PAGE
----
Believe it or not, a Winter Olympics just happened in Sochi, Russia. The valiant souls who attempted to live there for a couple weeks were treated to ideal (spring) weather, living conditions that could best be described as “funhouse-like” and the constant threat of Costas-melting death water. While we missed out on our dream of seeing Johnny Weir interview Vladimir Putin, we have, as always, managed to learn a few things.
1) Shaun White can actually fall down.
Twice, guys. It happened twice. Russia must be bumpy. We could say he got what he deserved for putting all of his eggs in one basket, but did you see that snowboard slopestyle course? They actually installed full staircases by all the rails. ON A MOUNTAIN. Why would you do that?
2) Russia would rather have the reputation of stray dog murderer than stray dogs.
We won’t get too graphic by describing again what happened to all of Sochi’s stray dogs, but you saw what happened when they wanted to get rid of Pussy Riot (considered human beings by most). Many of the athletes asserted that they had a fine experience in Russia and that people “put aside” their differences for the Olympics. Wait.. did they mean “beat and poison” aside? Yes. That’s what they meant.
3) Things we can say on TV: “Pussy Riot”
Speaking of Pussy Riot. Television media decided that phrase is all good now. We assume this also means we can print it, wear it on a shirt and drop it in a casual conversation about our day (“My day, grandma? Better than Pussy Riot’s, that’s what I always say”). We shall refer to it as “The Costas Precedent.” Thanks ladies. We’re gonna have fun with that. Also, snowboard announcers can say “ginormous” during a call now.
4) Terms we never knew existed: “Superstar female biathlete,” “Italian luge legend.”
Tied for 14th place. That is the best finish ever for a U.S. female biathlete. As we watch the Netherlands absolutely dominate speed skating, people travel from Norway to WATCH cross-country skiing and a roomful of Russians pretend to actually understand how ice dancing is scored, we realize how different the emphasis on “sport” is wherever you go. In Norway, where fitness is celebrated, any Johan on the street can tell you that a skiathalon is 18 miles and that Slovenian skier/pop star Tina Maze’s new album is actually pretty fresh. To us, though, luge is still just a bunch of dudes doing the same thing they got yelled at for as kids. Here in the U.S. we can’t tell a good luge run from an awful one. But, like ice dancing, diving and baseball, we still like to watch. We have such a lack of understanding of winter Olympic sports that the collective brainpower of our entire country can’t figure out why the U.S. speed skating team had rocks tied to their backs. Nordic scientists are in stitches.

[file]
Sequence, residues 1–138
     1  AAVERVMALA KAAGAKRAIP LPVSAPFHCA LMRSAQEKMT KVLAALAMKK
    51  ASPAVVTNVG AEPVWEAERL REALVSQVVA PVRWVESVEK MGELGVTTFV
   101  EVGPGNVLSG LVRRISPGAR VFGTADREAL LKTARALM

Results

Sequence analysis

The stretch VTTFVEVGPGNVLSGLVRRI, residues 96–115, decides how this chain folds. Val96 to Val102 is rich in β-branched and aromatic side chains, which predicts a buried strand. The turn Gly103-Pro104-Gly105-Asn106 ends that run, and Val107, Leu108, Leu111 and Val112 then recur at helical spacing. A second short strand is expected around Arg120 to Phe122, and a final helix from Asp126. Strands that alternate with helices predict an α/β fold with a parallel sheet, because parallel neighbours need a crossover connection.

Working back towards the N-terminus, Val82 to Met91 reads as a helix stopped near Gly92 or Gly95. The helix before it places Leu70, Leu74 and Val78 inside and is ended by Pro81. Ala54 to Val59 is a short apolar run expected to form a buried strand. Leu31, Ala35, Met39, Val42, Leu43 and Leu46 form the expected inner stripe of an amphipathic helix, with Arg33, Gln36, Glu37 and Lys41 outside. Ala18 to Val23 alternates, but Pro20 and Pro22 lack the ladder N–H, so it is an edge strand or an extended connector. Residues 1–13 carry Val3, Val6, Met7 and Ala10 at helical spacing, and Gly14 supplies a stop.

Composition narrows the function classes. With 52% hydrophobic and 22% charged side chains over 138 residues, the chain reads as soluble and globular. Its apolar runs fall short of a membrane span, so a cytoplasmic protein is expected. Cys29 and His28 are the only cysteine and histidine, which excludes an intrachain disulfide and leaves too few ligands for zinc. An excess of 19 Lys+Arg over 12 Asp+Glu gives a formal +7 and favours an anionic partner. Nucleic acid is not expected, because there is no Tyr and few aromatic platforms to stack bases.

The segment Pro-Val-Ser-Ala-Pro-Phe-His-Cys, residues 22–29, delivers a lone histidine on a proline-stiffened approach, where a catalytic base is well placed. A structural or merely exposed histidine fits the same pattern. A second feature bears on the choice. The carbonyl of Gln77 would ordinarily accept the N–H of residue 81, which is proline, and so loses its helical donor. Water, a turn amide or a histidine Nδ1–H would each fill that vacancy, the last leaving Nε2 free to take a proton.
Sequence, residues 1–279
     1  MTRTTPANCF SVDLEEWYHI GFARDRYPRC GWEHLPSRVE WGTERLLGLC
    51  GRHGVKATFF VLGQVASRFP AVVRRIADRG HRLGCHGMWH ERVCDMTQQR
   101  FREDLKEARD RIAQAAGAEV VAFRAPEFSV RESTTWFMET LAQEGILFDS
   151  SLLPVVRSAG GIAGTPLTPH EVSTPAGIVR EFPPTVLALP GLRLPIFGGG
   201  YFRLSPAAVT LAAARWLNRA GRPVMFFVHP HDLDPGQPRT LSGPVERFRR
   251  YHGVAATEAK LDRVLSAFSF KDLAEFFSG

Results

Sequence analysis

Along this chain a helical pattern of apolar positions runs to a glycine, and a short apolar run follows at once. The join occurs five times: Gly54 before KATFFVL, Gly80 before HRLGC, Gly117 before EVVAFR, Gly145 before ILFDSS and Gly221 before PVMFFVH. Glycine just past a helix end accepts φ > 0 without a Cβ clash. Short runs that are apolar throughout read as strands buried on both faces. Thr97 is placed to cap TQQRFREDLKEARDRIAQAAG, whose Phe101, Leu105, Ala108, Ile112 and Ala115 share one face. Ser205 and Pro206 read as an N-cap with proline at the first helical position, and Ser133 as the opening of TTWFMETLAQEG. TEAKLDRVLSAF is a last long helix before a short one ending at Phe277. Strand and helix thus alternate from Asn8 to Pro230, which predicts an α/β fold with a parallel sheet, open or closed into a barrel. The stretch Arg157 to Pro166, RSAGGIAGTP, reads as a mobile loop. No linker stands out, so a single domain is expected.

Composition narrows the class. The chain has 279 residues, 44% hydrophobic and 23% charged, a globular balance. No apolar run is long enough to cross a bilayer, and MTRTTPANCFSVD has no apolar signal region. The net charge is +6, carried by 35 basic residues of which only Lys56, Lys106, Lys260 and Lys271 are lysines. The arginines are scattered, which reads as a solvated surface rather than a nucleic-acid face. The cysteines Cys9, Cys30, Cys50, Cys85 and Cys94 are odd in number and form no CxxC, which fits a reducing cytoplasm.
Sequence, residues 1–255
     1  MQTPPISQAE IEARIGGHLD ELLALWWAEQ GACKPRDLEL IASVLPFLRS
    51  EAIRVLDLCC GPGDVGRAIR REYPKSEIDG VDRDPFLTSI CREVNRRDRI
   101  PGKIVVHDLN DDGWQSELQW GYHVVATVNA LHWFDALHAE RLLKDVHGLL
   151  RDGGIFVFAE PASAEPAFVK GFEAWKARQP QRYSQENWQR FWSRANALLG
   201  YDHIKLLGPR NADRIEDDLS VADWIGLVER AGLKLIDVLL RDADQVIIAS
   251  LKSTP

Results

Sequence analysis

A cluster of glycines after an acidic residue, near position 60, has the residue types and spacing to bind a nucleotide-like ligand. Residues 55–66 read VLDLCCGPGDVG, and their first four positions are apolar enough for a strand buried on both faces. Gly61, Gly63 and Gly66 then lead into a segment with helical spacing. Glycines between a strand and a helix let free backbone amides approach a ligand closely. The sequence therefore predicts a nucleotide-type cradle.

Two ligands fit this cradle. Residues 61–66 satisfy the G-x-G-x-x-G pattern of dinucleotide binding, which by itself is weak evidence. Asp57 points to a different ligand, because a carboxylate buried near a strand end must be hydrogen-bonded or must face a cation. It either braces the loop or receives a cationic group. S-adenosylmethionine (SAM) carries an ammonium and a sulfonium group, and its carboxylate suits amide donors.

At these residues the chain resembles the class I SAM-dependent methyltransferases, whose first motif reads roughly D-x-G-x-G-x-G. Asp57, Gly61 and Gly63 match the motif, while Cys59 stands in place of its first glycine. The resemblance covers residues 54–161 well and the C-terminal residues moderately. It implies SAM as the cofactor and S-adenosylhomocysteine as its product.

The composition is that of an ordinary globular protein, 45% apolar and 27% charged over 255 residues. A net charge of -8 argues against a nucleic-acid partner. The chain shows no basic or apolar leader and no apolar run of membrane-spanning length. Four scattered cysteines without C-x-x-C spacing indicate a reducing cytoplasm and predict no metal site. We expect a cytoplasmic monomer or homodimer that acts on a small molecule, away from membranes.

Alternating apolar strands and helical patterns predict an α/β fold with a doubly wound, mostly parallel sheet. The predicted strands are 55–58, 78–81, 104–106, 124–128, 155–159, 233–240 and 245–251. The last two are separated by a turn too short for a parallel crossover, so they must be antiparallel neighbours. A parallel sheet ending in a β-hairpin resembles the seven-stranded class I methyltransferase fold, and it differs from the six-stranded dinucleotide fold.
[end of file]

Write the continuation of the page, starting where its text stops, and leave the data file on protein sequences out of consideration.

5) Sage Kotsenburg is a new American hero and Bob Costas is the Terminator.
In an age where the gold medal winning snowboarder follows hopping in a bouncy castle as his scores are read by tweeting that all medals should be made of bacon, somebody has to cover this madness with charm and a straight face. Costas coolly dealt with the increasingly young, hip Olympic crowd even as Russian water made his eyes begin to perma-bleed. Sure, they called in Matt Lauer for a couple days relief, but, like most backup hosts, dude showed up mellow and unshaven (and were those sweat pants?). Costas hopped back into the chair in time to have 18-year-old skier Mikaela Shiffrin call him “a party” and ask Johnny Weir straightforward questions about his experience in Russia. Way to go, Bob. (Teddy Roosevelt! That’s who his eyeglasses reminded us of. Teddy Roosevelt.)
6) Skeleton riders wear helmets for decoration.
In an Olympic games full of crazy events like snowboard cross, ski-try-to-not-break-both-legs-when-landing and the 200 meter speed thigh-a-thon, skeleton runs seem absolutely insane. They’re going face first. Why not go all out? Light the track on fire and fill it with cheetahs. You’d finally gain year-round viewership.
What’s even crazier? The guys in back of the bobsled never actually get to see a bobsled run. Also: an ice dancing “free dance” is still so technical nobody knows what’s happening. What have we learned? Watch out for small Russian girls.
7) Twenty years ago is fun and also sad.
Tonya Harding is still batshit crazy (and a mother). The Jamaican bobsled team is still terrible (but not as funny anymore). And lost in all this Harding/Kerrigan revivalist nonsense is the fact that some of Harding’s 1994 outfits look as if they were pasted together by a kindergarten class.
8) God apparently helps other countries, too.
Russia finished with the most medals without any coercion whatsoever (aside from Putin’s glare). The U.S.A. finished second in the medal count after taking by far (12) the most bronze (so America). Also, hockey is proof once and for all that God is occasionally on Canada’s side.
In the end, the winners at these crazy 22nd Winter Olympics were everyone who managed to keep afoot on the wacky Russian ground.
Till next time, winter games. We’ll be sure to keep up with all the athlet… HEY, baseball!